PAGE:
Patent Trolls Strike Back: Trolling Rebounds After Brief Supreme Court-Enabled Dip
from the someone-found-the-loopholes dept
Following last year’s pretty good Supreme Court ruling in the Alice v. CLS Bank case, which effectively wiped out the basis of many software and business method patents by saying you couldn’t get a patent on “generic” functions, there was a pretty immediate impact on patent trolling. Courts were invalidating patents based on the ruling, the US Patent and Trademark seemed more willing to reject patents based on the Alice ruling, and even trolls seemed to be admitting defeat. Uber troll Intellectual Ventures laid off a bunch of people and OG patent troll Ray Niro indicated he was moving on to more lucrative trolling opportunities, such as in trade secrets.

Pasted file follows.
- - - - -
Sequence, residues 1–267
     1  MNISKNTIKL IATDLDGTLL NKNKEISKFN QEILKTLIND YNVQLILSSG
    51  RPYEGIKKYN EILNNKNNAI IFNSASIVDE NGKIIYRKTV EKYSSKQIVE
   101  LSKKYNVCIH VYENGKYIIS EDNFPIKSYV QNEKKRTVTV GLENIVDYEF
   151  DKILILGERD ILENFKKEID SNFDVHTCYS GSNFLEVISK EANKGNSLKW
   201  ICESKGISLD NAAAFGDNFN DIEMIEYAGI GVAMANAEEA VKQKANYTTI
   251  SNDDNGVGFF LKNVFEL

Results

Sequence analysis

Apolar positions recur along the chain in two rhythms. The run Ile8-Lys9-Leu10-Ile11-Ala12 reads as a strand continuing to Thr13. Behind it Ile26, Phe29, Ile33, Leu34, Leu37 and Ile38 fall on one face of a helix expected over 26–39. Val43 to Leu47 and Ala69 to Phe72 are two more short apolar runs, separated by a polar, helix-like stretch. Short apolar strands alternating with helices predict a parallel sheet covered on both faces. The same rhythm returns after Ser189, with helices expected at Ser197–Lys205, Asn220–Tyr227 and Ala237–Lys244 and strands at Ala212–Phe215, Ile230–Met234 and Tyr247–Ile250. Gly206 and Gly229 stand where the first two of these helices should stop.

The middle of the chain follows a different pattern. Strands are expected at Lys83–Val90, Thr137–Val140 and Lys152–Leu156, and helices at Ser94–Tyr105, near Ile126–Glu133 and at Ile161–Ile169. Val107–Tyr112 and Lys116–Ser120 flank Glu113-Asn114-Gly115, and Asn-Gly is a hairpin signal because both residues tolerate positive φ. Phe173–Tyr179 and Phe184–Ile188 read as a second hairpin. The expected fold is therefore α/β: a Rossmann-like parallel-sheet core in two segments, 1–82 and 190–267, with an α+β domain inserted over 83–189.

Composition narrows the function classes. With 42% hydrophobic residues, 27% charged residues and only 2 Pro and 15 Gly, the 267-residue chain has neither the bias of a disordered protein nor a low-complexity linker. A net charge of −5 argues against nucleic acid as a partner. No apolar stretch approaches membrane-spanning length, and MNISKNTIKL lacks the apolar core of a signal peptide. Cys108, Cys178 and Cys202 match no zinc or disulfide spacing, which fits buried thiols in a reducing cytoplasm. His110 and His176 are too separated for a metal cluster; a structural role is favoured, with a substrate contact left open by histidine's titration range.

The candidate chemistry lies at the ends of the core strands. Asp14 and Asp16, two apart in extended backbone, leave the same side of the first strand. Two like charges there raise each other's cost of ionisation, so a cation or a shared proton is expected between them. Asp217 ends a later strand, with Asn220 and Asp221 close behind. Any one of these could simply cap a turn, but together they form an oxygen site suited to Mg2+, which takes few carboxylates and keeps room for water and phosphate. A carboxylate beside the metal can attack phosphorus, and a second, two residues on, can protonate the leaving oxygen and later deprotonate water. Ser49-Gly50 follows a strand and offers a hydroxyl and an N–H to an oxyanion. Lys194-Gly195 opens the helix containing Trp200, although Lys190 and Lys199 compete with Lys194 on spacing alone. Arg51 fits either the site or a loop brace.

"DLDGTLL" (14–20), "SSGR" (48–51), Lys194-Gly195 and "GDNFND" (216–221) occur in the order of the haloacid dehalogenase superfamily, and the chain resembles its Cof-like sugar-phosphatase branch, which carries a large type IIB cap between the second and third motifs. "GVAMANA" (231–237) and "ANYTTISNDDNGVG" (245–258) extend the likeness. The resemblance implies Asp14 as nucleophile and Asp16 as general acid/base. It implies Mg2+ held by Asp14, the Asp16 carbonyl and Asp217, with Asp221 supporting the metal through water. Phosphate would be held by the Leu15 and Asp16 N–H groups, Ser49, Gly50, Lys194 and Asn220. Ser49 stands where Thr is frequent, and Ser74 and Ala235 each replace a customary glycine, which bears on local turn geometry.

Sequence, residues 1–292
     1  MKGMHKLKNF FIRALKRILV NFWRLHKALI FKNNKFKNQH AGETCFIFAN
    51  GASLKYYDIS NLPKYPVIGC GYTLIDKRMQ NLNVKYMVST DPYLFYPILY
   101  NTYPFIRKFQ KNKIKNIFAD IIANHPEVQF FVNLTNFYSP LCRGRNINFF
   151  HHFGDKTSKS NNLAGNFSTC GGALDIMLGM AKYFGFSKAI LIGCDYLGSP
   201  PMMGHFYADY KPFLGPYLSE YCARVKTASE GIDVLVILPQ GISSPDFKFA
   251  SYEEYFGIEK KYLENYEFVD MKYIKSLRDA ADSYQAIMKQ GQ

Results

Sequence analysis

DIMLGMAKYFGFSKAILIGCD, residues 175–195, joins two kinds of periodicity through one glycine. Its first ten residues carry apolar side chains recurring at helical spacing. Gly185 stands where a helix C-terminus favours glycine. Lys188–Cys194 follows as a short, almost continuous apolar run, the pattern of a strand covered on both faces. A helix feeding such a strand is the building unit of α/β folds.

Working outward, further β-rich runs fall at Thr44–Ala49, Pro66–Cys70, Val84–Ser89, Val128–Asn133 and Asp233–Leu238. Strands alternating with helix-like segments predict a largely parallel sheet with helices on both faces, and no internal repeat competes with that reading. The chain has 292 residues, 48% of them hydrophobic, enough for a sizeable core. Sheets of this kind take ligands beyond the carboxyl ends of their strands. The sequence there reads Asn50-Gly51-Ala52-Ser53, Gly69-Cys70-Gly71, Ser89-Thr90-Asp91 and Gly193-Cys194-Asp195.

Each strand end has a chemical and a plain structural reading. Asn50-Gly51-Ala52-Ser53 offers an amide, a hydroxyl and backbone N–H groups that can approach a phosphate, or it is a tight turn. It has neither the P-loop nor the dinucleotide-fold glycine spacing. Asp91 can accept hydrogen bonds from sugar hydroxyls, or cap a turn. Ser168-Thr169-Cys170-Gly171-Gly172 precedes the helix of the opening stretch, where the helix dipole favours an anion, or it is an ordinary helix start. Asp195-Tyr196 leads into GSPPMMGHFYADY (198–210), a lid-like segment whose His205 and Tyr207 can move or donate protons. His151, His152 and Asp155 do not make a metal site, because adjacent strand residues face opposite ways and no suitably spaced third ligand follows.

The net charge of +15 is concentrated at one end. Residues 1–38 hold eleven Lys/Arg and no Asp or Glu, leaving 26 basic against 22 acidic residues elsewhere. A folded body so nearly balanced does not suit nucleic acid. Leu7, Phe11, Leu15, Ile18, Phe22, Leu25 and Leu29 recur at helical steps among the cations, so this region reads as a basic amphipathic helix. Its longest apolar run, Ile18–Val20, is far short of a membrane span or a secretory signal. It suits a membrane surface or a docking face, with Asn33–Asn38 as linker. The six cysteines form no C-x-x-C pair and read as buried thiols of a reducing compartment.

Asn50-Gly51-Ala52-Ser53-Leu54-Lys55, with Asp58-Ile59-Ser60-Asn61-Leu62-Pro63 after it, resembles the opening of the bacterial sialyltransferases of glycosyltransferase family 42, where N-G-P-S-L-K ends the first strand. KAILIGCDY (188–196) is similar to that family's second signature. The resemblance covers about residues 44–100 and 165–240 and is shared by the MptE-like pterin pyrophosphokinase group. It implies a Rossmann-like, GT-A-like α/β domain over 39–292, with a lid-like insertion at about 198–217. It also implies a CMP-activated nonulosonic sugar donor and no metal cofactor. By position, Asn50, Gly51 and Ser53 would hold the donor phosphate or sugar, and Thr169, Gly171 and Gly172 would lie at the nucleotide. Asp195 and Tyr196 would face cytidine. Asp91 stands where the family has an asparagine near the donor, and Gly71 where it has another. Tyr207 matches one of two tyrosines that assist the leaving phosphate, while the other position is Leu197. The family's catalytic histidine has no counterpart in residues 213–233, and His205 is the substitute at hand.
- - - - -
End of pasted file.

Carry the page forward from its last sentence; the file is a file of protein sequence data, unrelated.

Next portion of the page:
But, never fear, the Patent Troll Strikes back sequel is fast becoming reality. The good folks over at Unified Patent have a report out on the latest numbers, which suggest the decline in patent troll activities last year was merely a brief disturbance and that patent trolling has bounced back significantly. While 2014 definitely showed a dip, 2015 has showed that patent lawsuits have gone right back up again: